• ‘My little brother dreads lightning. That’s why he always stay with my mother when it is raining.’

The next is ‘loathe.’ Does anyone know its meaning?

“Hate something so much.” – @aminocte

“It resembles with hate..” – @nanangfauzi

“Benci.” – @kaoshitam

“Feel dislike or disgust for sth.” – @uzunyolarabasi

6). ‘Loathe.’ has a similar meaning to ‘detest.’ The question is, what is the difference?

Merriam Webster said that ‘detest’ expresses antipathy while ‘loathe’ expresses intolerance.

Example:

  • ‘Andrew’s decision on terminating the project is loathed by his team members.’

7). ‘Repel.’ Meaning: be repulsive to something. On the other word, ‘repel’ could means resisting something.

Example:

  • ‘The idea of eating broccoli repels her.’

Source:

Compiled and written by @mettaa_ for @EnglishTips4u on Friday, June 29, 2018

#WOTD: Roseate

Hi, Fellas!! Happy Eid al-Fitr for those who celebrate it. Happy holiday for those who in a vacation. How was your day anyway?

This evening I would like to talk about the word “roseate.” This word came from Latin, “roseus,” and it was adapted and known as an English word in 15th century. “Roseate” acts an adjective, which means pink or a color that resembles a rose.

  • Example
    • “I love the roseate cardigan.”

On the other hand, “roseate” also mean optimistic. In this matter, there are some words that are related to “roseate,” such as “confident,” “doubtless,” “assuring,” etc.

  • Example:
    • “Where’s my roseate Emma? I am sure you will pass the test.”

Source:

Compiled and written by @mettaa_ for @EnglishTips4u on Friday, June 16, 2018

#EngTrivia: Confusing words (3)

Hi, Fellas! How’s your day? This evening I would like to discuss some words that might be confusing.

“Possibility” vs “chance”

I am sure you ever heard “possibility” and “chance.” These two words are similar, but they don’t have an exact meaning.

“Possibility” is something that might happen and it usually lead by past event.

Example:

  • “It’s cloudy, I think there’s a possibility of raining today.”

Meanwhile, “chance” is an event that unpredictably happens without any cause.

Example:

  • “I am afraid we don’t have a chance to get the scholarship.”

“Possibility is a thing possible; that which may take place or come into being. Chance is doing something that has a significant risk of failure; luck.” – @JuvKehkash27

“Priceless” vs “worthless”

Next, we will talk about “priceless” and “worthless.” Is there anyone could explain the difference between these words?

“priceless is costly because of quality while worthless is valueless..” – @AsyariAzhar

At a glance, “priceless” and “worthless” may be same, which is (something) has no value. However, “priceless” and “worthless” completely have opposite meanings.

“Priceless” is usually used to describe a thing that has a very high value it can’t be calculate or something that cannot be set with any price.

Example:

  • “The time we spend with our family is priceless.”

On the other hand, “worthless” explains something that has no value at all (useless).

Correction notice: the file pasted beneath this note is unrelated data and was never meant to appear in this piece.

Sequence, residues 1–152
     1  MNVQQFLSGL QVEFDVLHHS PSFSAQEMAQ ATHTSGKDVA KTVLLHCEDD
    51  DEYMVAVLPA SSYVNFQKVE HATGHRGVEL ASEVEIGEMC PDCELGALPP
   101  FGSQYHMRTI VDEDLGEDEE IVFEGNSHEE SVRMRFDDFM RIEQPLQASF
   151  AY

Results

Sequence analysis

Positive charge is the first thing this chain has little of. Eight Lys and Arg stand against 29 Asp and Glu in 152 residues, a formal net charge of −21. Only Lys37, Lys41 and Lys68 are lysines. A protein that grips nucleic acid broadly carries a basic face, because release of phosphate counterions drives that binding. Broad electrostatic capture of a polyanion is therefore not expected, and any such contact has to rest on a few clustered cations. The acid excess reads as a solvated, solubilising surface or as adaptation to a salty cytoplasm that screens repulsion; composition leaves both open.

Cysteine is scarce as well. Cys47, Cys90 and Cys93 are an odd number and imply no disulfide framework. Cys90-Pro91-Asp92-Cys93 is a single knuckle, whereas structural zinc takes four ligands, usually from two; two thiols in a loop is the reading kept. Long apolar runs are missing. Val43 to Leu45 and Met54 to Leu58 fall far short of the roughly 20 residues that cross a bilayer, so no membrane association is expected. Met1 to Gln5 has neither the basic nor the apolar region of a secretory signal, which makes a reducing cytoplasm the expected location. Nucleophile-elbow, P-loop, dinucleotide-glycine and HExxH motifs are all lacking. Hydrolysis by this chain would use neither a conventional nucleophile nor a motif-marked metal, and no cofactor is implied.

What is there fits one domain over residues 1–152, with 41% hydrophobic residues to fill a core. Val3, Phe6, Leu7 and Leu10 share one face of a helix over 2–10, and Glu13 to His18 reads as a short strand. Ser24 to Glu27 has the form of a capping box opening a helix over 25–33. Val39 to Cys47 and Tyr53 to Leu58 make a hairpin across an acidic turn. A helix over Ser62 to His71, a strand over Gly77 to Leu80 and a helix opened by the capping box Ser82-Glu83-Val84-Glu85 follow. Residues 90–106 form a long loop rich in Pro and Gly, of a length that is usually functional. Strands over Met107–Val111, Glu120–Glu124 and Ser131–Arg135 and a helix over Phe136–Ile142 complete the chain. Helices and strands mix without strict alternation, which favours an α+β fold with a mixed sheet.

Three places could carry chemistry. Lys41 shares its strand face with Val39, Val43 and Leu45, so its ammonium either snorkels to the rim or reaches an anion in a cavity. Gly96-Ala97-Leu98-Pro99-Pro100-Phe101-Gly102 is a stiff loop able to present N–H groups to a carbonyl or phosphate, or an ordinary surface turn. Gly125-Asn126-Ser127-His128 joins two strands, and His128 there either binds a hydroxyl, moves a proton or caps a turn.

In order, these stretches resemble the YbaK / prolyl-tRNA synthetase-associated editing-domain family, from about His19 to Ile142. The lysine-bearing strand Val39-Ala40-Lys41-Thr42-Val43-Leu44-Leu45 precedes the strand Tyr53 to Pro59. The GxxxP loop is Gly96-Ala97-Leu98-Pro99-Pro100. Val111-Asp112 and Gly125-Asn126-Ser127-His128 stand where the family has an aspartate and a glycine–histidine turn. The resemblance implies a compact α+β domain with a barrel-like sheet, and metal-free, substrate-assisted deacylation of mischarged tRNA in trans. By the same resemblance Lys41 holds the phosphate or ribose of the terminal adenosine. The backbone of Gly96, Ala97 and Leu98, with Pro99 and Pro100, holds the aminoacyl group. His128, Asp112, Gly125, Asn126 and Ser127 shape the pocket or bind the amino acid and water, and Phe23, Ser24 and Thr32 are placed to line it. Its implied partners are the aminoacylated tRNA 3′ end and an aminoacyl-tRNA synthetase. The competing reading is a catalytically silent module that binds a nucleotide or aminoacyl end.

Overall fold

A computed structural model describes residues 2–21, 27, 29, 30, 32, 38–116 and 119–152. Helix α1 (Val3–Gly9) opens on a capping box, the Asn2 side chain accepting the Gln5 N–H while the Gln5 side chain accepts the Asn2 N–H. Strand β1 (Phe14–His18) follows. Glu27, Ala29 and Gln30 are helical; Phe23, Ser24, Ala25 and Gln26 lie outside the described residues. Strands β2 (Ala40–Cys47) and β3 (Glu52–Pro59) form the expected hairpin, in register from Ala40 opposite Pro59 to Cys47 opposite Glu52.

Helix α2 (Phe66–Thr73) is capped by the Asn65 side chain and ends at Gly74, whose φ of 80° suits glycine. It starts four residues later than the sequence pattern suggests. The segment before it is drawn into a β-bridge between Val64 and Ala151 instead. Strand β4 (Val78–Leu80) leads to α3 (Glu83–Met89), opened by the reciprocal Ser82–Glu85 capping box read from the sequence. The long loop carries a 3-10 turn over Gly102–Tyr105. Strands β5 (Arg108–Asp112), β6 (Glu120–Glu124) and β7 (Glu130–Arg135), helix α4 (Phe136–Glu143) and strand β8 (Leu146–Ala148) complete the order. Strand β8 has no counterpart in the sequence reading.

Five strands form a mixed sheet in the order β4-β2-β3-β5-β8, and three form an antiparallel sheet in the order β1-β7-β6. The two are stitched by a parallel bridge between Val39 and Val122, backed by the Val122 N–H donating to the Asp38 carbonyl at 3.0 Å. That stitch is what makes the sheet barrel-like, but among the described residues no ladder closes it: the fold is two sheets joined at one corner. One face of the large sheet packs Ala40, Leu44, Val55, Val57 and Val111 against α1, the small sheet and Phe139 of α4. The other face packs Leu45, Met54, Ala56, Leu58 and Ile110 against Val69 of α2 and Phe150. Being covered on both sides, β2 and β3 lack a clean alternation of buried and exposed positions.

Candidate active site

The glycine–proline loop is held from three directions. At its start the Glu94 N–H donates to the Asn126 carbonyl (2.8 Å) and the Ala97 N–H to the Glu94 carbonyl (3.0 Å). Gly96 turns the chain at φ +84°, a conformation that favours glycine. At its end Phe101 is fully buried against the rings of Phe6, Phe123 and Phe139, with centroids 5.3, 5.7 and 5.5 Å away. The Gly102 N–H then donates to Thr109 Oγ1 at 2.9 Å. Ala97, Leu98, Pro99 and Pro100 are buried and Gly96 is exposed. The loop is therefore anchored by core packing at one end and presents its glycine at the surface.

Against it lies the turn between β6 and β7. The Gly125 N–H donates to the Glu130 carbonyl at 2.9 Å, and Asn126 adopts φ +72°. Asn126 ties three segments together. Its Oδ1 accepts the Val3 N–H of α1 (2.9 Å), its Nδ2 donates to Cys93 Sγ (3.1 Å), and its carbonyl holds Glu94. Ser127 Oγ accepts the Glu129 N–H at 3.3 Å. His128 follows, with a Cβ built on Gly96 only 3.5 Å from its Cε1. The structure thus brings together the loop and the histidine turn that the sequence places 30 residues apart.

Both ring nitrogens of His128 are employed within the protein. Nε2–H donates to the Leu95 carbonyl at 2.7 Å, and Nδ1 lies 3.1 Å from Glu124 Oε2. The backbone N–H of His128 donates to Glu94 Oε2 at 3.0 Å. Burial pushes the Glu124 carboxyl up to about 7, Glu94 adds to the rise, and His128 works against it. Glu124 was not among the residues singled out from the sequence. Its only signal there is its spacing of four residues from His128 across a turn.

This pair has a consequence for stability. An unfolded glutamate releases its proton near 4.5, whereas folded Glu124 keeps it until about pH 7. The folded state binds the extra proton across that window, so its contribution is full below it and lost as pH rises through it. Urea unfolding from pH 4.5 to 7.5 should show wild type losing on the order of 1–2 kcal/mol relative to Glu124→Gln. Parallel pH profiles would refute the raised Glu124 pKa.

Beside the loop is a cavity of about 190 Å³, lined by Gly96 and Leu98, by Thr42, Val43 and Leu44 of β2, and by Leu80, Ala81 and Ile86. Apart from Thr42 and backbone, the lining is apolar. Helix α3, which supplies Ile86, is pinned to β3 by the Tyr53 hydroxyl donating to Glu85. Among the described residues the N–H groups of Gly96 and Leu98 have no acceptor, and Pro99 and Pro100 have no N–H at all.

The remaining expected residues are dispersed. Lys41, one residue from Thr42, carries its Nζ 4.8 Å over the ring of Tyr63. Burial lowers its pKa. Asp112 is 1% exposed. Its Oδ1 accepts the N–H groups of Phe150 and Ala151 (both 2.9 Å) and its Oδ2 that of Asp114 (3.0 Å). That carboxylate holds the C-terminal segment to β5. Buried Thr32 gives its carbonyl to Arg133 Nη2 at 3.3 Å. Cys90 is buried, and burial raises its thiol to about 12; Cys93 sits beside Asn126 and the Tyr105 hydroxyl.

Example:

  • “Sometimes talking to narrow minded people is worthless. It will not lead you anywhere.”

“Tolarable” vs “tolerant”

The last is “tolerable” and “tolerant.” Anyone want to help me explaining the meaning of each of them?

“Tolerable is capable to being endured whereas tolerant is accepting pains calmly.” – @AsyariAzhar 

“Tolerable” refers the object we talk about, whether it is acceptable to us or not, while “tolerant” is our capacity to accept something.

For example,

  • “I actually have a seafood allergy, but fish is tolerable.”
  • “My sister is not tolerant to sunlight. Her skin will easily get burnt.”

 

Source:

  • Merriam-webster dictionary
  • Cambridge Dictionary
  • Oxford Dictionary

Compiled and written by @mettaa_ for @EnglishTips4u on Thursday, April 26, 2018

#EngGame: Nationality (2)

Hi, Fellas. This mini game is actually had been performed before. If you missed the first part, you can check it by following this link.

Just like the previous game, I will give the names of the country and you will tell me and the other Fellas the nationality of the people who live in the given country. I will give you 8 clues which are the suffix usually put after the name of the country. They are: “-ian,” “-ean,” “-an,” “-ese,” “-er,” “-ic,” “-ish,” and “–i.”

 Ok, let’s start..

 

  1. Yemen: _______
  2. Luxembourg: ________
  3. New Zealand: ________
  4. Pakistan: _______
  5. Venezuela: ________
  6. Qatar: _______
  7. Myanmar: ________
  8. Denmark: ______
  9. Austria: _______
  10. Germany: _______

ANSWER

  1. Yemeni
  2. Luxembourgish
  3. New Zealander
  4. Pakistani
  5. Venezuelan
  6. Qatari
  7. Bumese
  8. Danish
  9. Austrian
  10. German

Compiled and written by @mettaa_ for @EnglishTips4u on Thursday, March 29, 2018

#IOTW: Idioms related to books and reading

Hello, Fellas. How’s your day? Do any of you love reading? Do you realise that tomorrow is a World Book Day? In order to welcome the day, I would like to share some idioms with the word ‘book.’

The first one is the famous one. I bet you regularly find it in some literature or even in your daily communication.

  1. “An open book.” Meaning: something/someone that is easily to be understand.
    • Example:
      • “My mom always know my way of thinking like an open book.
  2. “To take a leaf out of someone’s book.” Meaning: to imitate someone.